a baby girl, Kaavia James Union Wade, to the family in November.
Udonis was named the baby’s godfather.
Over the years, Wade and Haslem have formed a partnership
that has extended past the court. The two recently opened their
fi rst restaurant, 800 Degrees Woodfi red Kitchen, together in
“Udonis and I have had conversations about doing business
together for a long time,” Wade says. “Our plan is to do a lot
more in the restaurant industry, but right now we’re focusing
on 800 Degrees, and growing it across South Florida, from
South Beach all the way up to Orlando.”
For now, their top priority remains leading this group of HEAT
youngsters, even as they’ve both transitioned to off-the-bench roles.
“I challenge myself every day to impact these guys,” said Haslem.
“I challenge myself every day to bring a smile and energy to
these guys and make sure I have a smile on my face and make
sure that these guys don’t see me with my head down, pouting,
being selfi sh about my playing time or being selfi sh about not
getting the minutes. I need these guys to see me being selfl ess,
I need these guys to see me being engaged, I need these guys
to see me working hard and I need these guys to see that
championship DNA and that HEAT culture inside of me coming
out every day. And that’s what I focus on every day, whether
I’m playing or not.
For Wade, coming to a decision on how to wrap up his
legendary career was not an easy one. But with U.D., Head Coach
Erik Spoesltra, and the roster of HEAT veterans by his side,
he’s hoping to give fans a memorable send off.
“This is the hardest decision I’ve ever had to make,” Wade
said his in his “One Last Dance” video. “But it’s one of the best
decisions I’ve ever had to make. I asked myself why, why not?
I have heard everything from my family to my fans around
the world of what I should and shouldn’t do. But I always have done
things my way. I got here because I have done things the way I feel
is right for me and right for my family.”
“I’m not as quick as I used to be,” Wade continued in his video.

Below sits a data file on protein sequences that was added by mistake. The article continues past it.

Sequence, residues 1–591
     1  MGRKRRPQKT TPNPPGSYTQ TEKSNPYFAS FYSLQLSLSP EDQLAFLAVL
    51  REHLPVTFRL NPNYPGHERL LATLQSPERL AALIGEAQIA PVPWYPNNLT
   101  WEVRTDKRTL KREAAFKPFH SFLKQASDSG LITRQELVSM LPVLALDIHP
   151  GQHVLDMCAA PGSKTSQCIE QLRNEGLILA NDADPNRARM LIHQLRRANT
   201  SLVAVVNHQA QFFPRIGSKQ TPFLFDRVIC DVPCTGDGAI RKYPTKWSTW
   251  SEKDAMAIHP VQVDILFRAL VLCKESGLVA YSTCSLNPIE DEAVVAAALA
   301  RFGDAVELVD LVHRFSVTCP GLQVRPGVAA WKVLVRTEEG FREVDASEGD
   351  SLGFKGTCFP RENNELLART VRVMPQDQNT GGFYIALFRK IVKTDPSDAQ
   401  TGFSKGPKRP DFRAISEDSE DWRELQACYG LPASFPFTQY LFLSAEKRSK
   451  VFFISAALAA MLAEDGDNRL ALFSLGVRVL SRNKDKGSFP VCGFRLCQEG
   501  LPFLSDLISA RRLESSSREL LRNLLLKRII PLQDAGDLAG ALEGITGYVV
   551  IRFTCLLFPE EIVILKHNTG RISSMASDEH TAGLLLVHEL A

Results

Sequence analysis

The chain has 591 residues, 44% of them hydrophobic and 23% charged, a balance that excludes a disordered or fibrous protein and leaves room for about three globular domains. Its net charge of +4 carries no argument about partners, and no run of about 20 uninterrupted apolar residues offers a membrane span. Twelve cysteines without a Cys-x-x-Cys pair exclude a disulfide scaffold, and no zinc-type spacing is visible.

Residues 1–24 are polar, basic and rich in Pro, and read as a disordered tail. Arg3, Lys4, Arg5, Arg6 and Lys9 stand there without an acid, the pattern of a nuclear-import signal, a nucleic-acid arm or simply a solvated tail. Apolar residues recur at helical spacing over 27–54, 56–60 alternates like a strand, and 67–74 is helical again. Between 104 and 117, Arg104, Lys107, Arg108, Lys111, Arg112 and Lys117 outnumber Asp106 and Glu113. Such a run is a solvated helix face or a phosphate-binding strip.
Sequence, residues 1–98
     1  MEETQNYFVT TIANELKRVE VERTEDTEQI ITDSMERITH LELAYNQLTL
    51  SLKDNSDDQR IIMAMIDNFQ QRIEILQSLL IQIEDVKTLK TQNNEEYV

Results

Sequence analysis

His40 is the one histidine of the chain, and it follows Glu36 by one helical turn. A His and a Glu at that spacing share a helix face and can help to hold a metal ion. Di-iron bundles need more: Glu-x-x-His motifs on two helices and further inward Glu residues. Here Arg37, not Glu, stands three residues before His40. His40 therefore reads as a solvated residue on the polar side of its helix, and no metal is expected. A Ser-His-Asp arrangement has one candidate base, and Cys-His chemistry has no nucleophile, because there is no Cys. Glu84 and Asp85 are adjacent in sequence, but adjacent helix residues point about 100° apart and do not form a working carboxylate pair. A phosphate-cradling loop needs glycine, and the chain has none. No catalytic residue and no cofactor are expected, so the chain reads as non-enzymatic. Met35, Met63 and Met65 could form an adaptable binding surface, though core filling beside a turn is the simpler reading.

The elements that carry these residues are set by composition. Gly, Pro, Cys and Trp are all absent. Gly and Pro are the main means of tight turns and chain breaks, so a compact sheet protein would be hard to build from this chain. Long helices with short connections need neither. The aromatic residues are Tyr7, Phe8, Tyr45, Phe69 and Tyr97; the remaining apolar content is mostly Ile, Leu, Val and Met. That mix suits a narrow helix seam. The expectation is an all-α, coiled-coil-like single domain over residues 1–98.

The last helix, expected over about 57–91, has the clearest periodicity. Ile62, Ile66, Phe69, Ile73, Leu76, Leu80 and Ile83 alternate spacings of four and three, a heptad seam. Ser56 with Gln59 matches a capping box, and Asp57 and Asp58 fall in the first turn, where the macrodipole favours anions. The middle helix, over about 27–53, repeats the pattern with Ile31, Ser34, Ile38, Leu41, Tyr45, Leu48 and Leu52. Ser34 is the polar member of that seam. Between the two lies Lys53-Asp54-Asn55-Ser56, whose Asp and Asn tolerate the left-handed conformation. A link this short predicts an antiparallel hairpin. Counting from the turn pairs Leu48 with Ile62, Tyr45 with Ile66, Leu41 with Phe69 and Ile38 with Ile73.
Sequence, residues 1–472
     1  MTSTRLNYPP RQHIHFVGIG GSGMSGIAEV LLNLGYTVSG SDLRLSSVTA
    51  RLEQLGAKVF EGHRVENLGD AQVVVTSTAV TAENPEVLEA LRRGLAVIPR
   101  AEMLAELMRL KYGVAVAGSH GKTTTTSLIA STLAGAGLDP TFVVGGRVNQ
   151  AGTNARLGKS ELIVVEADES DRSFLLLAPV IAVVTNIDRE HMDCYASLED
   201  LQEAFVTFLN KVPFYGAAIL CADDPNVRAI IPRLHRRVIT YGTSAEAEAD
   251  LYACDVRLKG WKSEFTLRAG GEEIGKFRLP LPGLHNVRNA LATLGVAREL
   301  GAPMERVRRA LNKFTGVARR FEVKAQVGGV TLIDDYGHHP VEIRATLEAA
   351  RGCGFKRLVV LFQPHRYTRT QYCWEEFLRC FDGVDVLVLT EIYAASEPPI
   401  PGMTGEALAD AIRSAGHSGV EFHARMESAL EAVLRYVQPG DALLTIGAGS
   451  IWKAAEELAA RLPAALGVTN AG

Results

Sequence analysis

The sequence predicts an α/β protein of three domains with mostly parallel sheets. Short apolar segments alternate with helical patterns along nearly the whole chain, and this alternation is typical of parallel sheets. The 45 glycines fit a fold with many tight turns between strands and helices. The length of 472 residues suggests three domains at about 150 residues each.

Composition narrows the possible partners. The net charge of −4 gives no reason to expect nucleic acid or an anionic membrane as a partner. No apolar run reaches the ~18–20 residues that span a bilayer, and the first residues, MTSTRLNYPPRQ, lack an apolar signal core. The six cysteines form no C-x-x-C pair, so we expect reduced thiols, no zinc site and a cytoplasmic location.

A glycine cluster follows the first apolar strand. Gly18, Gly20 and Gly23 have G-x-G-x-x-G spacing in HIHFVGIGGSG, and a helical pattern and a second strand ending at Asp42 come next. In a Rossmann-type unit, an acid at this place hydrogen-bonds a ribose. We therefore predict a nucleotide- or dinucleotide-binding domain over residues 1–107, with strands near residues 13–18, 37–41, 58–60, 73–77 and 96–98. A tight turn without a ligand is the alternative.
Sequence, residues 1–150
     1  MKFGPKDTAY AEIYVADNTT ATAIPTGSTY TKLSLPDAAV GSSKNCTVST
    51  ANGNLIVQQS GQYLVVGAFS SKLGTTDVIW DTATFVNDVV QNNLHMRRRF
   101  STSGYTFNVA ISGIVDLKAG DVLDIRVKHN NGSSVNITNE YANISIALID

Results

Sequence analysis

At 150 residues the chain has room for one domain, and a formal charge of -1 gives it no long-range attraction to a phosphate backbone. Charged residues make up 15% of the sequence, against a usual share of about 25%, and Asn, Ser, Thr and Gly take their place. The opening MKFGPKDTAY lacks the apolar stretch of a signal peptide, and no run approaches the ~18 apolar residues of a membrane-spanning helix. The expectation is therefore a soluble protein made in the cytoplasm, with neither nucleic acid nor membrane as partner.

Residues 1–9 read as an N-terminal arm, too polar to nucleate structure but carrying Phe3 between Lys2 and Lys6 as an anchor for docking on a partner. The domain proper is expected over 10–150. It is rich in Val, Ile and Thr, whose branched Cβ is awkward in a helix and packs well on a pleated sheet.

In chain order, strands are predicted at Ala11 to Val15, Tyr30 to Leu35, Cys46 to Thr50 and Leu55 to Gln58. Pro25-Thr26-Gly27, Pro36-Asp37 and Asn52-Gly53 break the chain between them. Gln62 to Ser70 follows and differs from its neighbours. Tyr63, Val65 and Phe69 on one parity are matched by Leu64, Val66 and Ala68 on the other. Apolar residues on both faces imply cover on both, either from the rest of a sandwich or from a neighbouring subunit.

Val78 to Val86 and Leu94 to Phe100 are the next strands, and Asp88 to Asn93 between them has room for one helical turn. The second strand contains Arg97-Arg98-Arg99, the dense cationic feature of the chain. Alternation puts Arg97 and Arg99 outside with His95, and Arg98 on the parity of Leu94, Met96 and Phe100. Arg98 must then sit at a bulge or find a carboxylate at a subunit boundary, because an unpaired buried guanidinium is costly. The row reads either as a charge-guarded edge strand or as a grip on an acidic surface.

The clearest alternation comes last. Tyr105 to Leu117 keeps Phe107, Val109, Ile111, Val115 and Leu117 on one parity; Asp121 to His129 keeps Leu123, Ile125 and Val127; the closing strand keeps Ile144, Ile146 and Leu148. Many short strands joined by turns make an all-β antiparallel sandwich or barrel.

“I don’t jump as high as I used to, and boy I used to get up.
But there are things in this game that I have that I can write
a book on, I can still accomplish with a team with the right coach in
the right situation. To have the career I’ve had, I can’t do anything
but smile on it, just enjoy it.”
MIAMI HEAT 2018-19 I 99
“I remember when I came in for my HEAT workout
before the draft and asked who the guy getting every
rebound was and they told me, ‘That’s Udonis
Haslem.’ And I didn’t even recognize him because
of how much he’d changed his body. I knew right
away that he was a guy I wanted on my team.”
Many HEAT faithful remember the 2005-
06 season and the otherworldly playoff
performance of Wade that brought the city
of Miami its fi rst NBA Championship.
Throughout it all, Wade could count on U.D.
being in that starting lineup with him. Wade’s NBA
Finals performances are in the lore of NBA history and
forever commemorated by his ‘06 Finals MVP award,
but discerning fans would be remiss if they forgot that
Udonis had a 17-point, 10-rebound effort in Game 6 of the
2006 NBA Finals while playing stellar defense on future
Hall-of-Famer Dirk Nowitzki throughout the series.
“I just remember in 2006 when both of them were really
in their prime and we’re playing Game 6 in Dallas,” recalls
current HEAT President and then-Coach Pat Riley. “The three
biggest plays that were made in the fourth quarter were made
by Udonis Haslem.”
Two more championships followed in 2012 and 2013 and the
bond between the two grew ever stronger.
“We’re family now,” said Haslem. “We’re family. He’s invested
in my life outside of basketball more so than he is in
basketball, and I’m invested in his life outside of basketball
more so than in basketball. We consider ourselves to
be brothers. Our wives are close. Our kids are close. We just
value each other on a whole ‘nother level.”
This familial bond between the two players was further
strengthened when Wade and wife Gabrielle Union welcomed